GameSoundCon: Melodic Composition, Part Two

GSC_Prt2_WP

Last week I posted part one of the video excerpt from my presentation a few months ago at GameSoundCon — the game audio conference.  Since my speech was focused on game music composition, it makes a good complement to my book, A Composer’s Guide to Game Music, so I thought I’d make it available here.  Below you’ll find the second and final part of this GameSoundCon video, which includes the PowerPoint visuals and the demonstration music I used to explore topics related to thematic music in interactive constructs: “GameSoundCon: Melodic Composition, Part Two.”

GameSoundCon: Melodic Composition, Part One

GSC-Vid1

A few months ago I spoke at GameSoundCon — a terrific conference that explored all aspect of audio creation for video games.  My own speech focused on melodic composition for games, with a particular emphasis on the music I created for the LittleBigPlanet franchise.  Since that speech touched upon a lot of issues that are explored in depth in my book, A Composer’s Guide to Game Music, I thought I’d post some of that speech here as a video presentation, complete with the PowerPoint visuals and video demonstration excerpts that I used at GameSoundCon. Here is the first installment of this two-part video presentation: “GameSoundCon: Melodic Composition, Part One.”

A Composer’s Guide to Game Music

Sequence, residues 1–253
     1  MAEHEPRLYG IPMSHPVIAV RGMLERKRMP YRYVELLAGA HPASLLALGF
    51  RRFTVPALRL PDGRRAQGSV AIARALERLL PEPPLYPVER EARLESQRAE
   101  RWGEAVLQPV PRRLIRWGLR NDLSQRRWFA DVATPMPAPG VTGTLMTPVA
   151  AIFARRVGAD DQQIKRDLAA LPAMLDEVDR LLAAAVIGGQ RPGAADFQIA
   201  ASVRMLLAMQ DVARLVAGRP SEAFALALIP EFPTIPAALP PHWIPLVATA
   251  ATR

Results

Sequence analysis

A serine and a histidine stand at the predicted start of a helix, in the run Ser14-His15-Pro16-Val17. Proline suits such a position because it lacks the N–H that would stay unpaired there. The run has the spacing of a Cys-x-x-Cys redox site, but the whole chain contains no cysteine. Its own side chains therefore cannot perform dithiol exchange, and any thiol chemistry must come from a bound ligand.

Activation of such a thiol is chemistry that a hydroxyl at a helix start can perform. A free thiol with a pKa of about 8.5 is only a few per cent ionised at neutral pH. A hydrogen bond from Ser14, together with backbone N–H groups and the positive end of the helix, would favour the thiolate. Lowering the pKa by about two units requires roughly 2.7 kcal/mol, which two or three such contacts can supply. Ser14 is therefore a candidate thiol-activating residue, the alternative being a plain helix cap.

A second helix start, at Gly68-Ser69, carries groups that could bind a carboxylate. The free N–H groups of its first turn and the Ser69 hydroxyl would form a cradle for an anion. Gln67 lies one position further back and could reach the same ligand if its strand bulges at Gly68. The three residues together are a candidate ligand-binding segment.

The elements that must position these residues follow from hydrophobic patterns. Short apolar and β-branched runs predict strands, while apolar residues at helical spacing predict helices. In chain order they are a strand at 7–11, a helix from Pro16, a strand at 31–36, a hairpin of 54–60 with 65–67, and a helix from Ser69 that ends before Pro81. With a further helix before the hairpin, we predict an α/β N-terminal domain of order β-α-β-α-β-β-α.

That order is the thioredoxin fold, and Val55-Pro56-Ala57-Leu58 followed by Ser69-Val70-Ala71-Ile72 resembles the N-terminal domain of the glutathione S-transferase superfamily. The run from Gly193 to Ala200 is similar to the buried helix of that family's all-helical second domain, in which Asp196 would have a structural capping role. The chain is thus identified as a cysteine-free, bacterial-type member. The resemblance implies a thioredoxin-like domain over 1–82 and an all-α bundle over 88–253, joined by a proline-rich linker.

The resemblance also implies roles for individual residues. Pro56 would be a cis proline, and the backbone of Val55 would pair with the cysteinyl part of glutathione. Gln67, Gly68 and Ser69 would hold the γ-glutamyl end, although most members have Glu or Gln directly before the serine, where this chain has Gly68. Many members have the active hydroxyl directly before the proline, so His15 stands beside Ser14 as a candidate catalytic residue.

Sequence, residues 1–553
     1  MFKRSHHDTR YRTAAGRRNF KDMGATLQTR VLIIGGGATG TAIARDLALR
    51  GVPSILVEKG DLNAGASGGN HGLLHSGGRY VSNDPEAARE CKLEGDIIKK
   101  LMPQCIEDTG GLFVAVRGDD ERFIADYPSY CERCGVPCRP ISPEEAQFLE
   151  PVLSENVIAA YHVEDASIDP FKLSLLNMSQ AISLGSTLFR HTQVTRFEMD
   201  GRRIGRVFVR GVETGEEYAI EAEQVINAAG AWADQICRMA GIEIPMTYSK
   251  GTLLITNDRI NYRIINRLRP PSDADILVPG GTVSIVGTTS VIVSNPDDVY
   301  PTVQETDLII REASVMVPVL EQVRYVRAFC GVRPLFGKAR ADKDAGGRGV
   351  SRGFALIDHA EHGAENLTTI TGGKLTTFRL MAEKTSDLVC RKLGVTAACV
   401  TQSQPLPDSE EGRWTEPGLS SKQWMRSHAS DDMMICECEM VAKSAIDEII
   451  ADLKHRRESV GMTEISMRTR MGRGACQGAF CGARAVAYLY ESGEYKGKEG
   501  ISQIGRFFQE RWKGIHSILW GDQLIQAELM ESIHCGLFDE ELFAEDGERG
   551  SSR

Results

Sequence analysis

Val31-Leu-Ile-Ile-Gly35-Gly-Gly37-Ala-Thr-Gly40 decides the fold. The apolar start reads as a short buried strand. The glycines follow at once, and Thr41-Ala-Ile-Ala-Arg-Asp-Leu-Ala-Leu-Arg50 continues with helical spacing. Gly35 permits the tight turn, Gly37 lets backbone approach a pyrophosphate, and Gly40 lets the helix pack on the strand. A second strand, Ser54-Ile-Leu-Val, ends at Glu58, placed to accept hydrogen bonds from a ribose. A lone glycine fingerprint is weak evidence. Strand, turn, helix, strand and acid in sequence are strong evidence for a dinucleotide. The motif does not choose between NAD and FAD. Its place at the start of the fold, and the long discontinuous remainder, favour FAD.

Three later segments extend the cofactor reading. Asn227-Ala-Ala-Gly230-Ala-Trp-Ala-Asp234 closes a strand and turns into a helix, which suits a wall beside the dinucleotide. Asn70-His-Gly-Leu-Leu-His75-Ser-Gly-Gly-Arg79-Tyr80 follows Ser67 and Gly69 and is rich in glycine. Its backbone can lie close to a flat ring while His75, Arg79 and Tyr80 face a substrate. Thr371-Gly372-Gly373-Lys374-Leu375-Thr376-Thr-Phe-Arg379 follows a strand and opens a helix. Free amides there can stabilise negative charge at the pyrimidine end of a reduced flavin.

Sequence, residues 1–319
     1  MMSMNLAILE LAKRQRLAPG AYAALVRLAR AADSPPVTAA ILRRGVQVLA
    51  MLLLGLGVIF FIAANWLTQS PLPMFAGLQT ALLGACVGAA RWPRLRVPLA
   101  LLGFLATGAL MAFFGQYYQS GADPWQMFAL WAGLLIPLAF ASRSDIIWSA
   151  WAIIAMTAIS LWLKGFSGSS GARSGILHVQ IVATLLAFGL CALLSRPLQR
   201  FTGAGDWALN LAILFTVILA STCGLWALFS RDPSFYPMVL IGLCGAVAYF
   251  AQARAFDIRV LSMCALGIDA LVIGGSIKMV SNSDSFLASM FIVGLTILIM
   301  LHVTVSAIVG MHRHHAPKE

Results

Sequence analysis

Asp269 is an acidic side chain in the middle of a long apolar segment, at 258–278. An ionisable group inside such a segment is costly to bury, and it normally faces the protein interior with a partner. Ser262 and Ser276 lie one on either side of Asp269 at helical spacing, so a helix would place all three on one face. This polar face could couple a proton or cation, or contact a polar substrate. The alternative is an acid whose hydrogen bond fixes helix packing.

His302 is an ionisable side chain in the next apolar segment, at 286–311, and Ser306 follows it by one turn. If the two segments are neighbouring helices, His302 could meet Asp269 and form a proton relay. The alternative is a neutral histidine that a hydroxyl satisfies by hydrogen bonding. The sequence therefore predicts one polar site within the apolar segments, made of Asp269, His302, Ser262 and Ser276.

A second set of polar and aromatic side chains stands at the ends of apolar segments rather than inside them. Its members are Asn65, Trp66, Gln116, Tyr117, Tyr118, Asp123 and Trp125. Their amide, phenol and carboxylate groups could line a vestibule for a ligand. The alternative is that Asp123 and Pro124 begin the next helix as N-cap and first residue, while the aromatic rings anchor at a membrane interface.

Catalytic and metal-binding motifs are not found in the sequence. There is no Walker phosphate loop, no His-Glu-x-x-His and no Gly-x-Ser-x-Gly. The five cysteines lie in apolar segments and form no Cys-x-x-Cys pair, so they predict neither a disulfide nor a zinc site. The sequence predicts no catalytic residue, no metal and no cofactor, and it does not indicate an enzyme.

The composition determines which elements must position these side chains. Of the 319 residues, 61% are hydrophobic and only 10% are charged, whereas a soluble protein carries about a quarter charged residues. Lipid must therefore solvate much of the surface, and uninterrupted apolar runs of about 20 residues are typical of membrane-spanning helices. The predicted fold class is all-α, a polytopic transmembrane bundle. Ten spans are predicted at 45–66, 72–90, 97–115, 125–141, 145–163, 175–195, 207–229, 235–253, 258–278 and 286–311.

Today, my book, A COMPOSER’S GUIDE TO GAME MUSIC, was released by the Massachusetts Institute of Technology Press.  It’s a huge day for me.

In December of 2011, I was finishing up work on my music contribution to LittleBigPlanet PS Vita when my music producer, Winnie Waldron, turned to me and said, “You should write a book about game music.”  Before that moment, it had never occurred to me that I might have something to share about my experiences as a game composer, so I initially laughed off her suggestion.  She paused, and then casually remarked that I should go and look over all those game audio books I owned (I have a pretty large collection) and then maybe ask myself if I had anything to say that hadn’t already been said.

A few days passed, and eventually I did look those books over. I took along a pad of multicolored sticky notes. Every time I felt like I could add something to what I was reading, I stuck a different colored note on the page, letting the edge hang out.  When I was done, I had a pile of books that looked like a rainbow had exploded inside them. Staring at all those little slips of paper convinced me to write the book.

I’ve been creating video game music for over 10 years, ever since my first project, God of War.  With every game score I composed, I learned so much… not only about the art and craft of game composition, but also about myself as an artist.  Game music composition is a thoroughly unique art form, imposing both technical and creative challenges that aren’t found in any other discipline. When I started in this profession, I didn’t really understand how complex everything would be… how much I didn’t know… how much I would need to learn.